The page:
Brighton Parks Under Threat From Cash Shortage

24 August 2016, 10:25 | Updated: 24 August 2016, 12:16

A lack of money is putting parks in Brighton and Hove at risk, according to the City Council.

The council says as its budgets decline, it has to make some big decisions about how the city's parks and open spaces will be protected and maintained into the future.

To help find out what local people want, the council is launching The Big Parks and Open Spaces Conversation. - a consultation which invites residents, visitors and all park users to "have their say and consider how parks could evolve into the future".

Brighton and Hove has 147 parks and open spaces, including heritage parks, playing fields, green verges and a section of the South Downs National Park.

Most of the city's green public spaces are currently managed and maintained by the council's Cityparks staff, supported by volunteers and Friends Groups.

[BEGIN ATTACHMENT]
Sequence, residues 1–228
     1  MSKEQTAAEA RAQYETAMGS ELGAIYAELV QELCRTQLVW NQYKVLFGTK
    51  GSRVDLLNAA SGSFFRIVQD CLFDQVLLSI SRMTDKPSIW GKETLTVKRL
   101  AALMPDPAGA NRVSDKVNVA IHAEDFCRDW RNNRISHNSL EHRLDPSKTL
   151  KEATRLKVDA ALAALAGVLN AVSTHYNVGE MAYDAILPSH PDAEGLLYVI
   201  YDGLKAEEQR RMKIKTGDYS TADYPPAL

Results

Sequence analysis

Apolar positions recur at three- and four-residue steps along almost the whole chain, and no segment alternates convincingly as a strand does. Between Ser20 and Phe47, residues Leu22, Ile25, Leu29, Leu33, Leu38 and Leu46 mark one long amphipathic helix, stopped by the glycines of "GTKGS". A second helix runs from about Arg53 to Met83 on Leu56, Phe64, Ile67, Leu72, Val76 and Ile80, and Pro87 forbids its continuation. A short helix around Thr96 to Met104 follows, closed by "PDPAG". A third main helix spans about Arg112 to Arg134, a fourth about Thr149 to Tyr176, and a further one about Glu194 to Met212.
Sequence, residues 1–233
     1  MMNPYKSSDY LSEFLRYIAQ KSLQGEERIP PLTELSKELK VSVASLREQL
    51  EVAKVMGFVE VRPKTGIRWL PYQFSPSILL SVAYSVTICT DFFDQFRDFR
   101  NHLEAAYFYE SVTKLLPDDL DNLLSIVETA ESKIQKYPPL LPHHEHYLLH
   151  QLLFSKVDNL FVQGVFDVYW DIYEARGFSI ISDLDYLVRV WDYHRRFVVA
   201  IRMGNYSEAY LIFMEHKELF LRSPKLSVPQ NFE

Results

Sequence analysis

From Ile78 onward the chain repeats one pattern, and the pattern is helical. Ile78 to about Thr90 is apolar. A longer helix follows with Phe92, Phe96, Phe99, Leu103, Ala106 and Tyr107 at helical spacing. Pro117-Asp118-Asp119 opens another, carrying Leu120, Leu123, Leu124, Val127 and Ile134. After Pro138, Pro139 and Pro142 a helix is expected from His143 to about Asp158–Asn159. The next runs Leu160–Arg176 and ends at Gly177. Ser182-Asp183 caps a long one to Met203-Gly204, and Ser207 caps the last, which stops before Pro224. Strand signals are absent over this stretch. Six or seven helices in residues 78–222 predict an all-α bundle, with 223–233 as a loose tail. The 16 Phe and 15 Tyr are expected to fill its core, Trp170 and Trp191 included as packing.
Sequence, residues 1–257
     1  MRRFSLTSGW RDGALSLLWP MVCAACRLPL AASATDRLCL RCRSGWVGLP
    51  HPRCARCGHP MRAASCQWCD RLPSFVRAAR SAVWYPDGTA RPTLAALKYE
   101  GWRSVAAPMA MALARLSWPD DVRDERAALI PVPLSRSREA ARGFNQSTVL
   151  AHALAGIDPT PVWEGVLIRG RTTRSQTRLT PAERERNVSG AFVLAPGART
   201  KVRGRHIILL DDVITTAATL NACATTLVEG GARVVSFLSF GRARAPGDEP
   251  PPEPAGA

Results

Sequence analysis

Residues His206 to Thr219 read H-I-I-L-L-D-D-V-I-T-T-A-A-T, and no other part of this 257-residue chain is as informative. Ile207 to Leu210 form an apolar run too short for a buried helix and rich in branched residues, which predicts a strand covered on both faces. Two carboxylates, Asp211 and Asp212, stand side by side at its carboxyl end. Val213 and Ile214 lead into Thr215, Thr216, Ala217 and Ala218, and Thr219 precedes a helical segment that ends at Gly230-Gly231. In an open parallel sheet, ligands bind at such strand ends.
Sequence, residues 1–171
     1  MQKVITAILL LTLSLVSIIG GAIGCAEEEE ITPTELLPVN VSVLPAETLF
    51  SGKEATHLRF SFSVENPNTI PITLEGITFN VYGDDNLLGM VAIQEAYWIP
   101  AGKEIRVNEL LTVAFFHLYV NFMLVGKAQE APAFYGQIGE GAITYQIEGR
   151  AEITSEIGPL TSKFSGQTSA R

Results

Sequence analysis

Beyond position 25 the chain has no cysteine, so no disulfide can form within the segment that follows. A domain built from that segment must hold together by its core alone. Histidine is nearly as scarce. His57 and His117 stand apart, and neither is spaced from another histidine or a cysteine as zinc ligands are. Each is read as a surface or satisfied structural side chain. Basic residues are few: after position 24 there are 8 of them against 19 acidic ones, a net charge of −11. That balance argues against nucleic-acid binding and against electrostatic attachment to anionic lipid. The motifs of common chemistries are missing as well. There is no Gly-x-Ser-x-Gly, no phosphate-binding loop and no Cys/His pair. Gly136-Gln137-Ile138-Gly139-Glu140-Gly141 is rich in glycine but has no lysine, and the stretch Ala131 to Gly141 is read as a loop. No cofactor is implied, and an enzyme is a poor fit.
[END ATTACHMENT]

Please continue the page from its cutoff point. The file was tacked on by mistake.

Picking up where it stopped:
The council believes parks and open spaces improve the quality of life for residents in the city, and are used by schools, colleges, universities and community organisations.

A spokesman said: "They support the city's tourism and economy, provide spaces for local community events and large festivals such as Brighton Pride and the Brighton Fringe and are part of the wider Brighton & Lewes Downs Biosphere. But managing public services on reducing budgets is challenging. Money spent on parks and open spaces is one of the council's smallest budgets (approximately £14 per person a year.)"

Current budget restrictions mean the council is unable to provide the levels of funding currently needed to maintain its parks and open spaces.

Councillor Gill Mitchell, chair of the environment, transport and sustainability committee said: "We know that people really value their neighbourhood parks and recreation areas, and want to see them protected and preserved into the future.

"That's why we are encouraging everyone to get involved in the Big Conversation, share their priorities, opinions and ideas and make sure their voice is heard.
"This consultation is a way of involving everyone from the start in a really important discussion on how we create new models for the future management of our precious parks and open spaces."

To take part in the consultation visit the council's website: